• Above all enjoy the scent, colour and movement of a real Christmas tree this festive season

Questions you should ask when picking out a good Christmas tree:

  • Are the branches stiff?
  • Do the needles fall off when you shake it?
  • Is it a big tree – but actually quite light when you pick it up? A light tree will indicate, a dried out tree
  • Is the top bald or lacking needles?
  • As above, how green is the tree?

Luckily – it’s  been a good growing season for trees this year with enough wet weather during the year to promote good growth and good needle retention, so chances are, in our year 2014, you’ll be okay in whatever tree you pick out.

If you have any other Christmas tree tips, be sure to comment and let us know!

Merry Christmas!

Allotment Diary

Foraging for seeds at the end of the year.

Autumn is a great time of year to look around your local allotment find what you would like to grow the following year.

Deadheads and old flowers often contain hundreds of seeds and can be a really cost effective way to build up a collection of seeds and experiment with what you like and what you don’t like.

At the time of year, the plot is beginning to wind down and much of the time spent is used to collect dead leaves for leaf mould and keeping things alive during the winter.

Some of the deadheads you collect may already be dry, but if they’re not, you can easily dry them out on a shelf in the shed or greenhouse.


Dahlia seeds

Dahlia plants can be quite expensive (depending on where you buy them from) if you buy them from the shops. The fantastic thing I have found with Dahlias is that they can reproduce via two methods, these being by seed and by the bulb.

Years ago I grew Dahlias from seed with great results, they produced huge colourful blooms which is a great way to attract bees to your plot.



Marigold seeds

Probably the most abundant of all of the deadheads. Each dead flower will contain hundreds of seeds. Marigolds are a great plant to grow as they serve two purposes. They keep the blackfly at bay and attract bees to your plot.

They’re dead easy to grow and can be sown straight into the ground in the spring.



Runner Beans

After you purchase the first set of runner bean seeds from the shop, you won’t need to buy them again.

Towards the end of the season I deliberately left some runner bean pods to go boney. These pods eventually went to seed, which means that when the plant dies, the pods will dry out and these seeds inside the pods will be good to plant in pots.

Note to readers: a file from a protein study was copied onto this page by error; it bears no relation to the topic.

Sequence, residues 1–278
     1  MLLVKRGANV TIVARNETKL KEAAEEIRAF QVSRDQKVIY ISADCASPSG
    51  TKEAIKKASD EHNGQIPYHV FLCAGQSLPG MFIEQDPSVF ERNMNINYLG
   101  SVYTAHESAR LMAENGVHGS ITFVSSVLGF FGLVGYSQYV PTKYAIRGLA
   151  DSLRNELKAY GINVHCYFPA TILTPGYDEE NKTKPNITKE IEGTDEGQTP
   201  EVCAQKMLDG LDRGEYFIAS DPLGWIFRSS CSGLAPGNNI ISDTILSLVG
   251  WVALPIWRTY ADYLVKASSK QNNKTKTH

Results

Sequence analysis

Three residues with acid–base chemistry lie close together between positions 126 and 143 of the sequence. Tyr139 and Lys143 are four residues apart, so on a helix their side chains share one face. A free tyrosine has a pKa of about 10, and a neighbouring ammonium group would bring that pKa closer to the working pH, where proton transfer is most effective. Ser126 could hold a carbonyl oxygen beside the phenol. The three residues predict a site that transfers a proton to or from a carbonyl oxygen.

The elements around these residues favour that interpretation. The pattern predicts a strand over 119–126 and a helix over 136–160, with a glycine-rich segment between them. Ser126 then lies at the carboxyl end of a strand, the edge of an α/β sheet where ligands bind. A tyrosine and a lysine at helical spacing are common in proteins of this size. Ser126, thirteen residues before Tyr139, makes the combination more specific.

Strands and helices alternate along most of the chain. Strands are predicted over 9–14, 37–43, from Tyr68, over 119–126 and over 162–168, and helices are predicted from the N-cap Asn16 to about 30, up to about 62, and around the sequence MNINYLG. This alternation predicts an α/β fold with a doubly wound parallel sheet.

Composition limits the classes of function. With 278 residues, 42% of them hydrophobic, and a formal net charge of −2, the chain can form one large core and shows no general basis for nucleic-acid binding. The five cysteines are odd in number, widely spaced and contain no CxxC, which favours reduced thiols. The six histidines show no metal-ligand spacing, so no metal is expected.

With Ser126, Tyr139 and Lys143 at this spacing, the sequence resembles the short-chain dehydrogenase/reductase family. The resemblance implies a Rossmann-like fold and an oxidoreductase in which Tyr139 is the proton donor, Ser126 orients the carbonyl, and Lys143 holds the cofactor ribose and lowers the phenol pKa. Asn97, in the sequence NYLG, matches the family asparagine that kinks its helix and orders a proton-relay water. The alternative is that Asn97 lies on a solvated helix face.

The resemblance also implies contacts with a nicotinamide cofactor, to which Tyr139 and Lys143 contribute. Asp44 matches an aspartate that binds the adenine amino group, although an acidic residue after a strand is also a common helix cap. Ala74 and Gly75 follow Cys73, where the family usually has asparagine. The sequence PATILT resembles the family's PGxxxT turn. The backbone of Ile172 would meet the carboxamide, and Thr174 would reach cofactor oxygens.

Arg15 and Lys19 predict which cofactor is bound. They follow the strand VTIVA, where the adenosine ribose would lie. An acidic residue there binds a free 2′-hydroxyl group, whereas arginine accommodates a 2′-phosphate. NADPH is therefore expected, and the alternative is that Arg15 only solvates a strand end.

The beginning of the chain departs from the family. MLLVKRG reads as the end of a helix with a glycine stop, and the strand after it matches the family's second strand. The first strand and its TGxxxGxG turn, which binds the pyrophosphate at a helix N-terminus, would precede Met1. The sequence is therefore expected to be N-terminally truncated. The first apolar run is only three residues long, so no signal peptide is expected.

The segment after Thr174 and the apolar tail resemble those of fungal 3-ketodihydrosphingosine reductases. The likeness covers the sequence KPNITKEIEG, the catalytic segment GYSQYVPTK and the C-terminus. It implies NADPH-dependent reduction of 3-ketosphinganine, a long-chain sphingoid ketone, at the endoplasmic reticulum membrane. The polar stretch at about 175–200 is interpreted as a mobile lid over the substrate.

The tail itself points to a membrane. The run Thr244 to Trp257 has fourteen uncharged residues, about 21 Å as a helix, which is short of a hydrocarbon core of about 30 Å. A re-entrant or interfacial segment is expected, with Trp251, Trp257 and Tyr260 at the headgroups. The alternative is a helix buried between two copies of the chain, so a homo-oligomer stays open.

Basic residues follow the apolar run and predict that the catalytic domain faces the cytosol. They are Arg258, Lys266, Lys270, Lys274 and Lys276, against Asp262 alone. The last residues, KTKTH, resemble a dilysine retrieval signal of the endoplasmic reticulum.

Sunflower Seeds

Sunflowers always look impressive in the garden, and let’s be honest, when we grow them we always want them to be the biggest in all the land!

As you can see from the photograph, we’re not the only ones to have an interest in sunflower seeds, birds and squirrels like to raid the deadheads for food.

It’s been years since I’ve grown sunflowers so I’m hoping to give them another go next year.



I absolutely love using chives in the kitchen, as a herb they can add a lovely aroma to the simplest of dishes. They’re also a great substitute for onions if you’re thinking of using an onion as a garnish.

Personally, I think chives work best with scrambled eggs.

The chive plan I have at the allotment will grow back next year, but I hope to grow them again in the kitchen as I believe chives work best when their fresh. Chive seeds a small, so when I grow them I will simply break the dead head up in a pot and cover with compost.


Courgette seeds

I’ve picked what’s left of the courgettes after letting them grow to a decent size. The plan is to store them in the shed and as and when I need to the seeds I shall scoop them out and let everything dry on a tray.

I’ve read that obtaining courgette seeds like this can be a bit hit and miss, but I’ll give this a go none the less.


Tomato seeds

Just like the marigolds, tomatoes hold hundreds of seeds inside of them, but how to get to them? Well, I’ve heard that you can take the tomatoes, wrap them in foil and let them dry out. They’ll smell a bit as decomposition takes place – but this is normal.

However, like the amateur gardener that I am, I did Google “how to extract tomato seeds” and found that this is probably the most reliable method. This article from The Guardian details every little step you need to go through to extract seeds from a tomato – it’s a bit fiddly, but it looks like you can save money in the long run.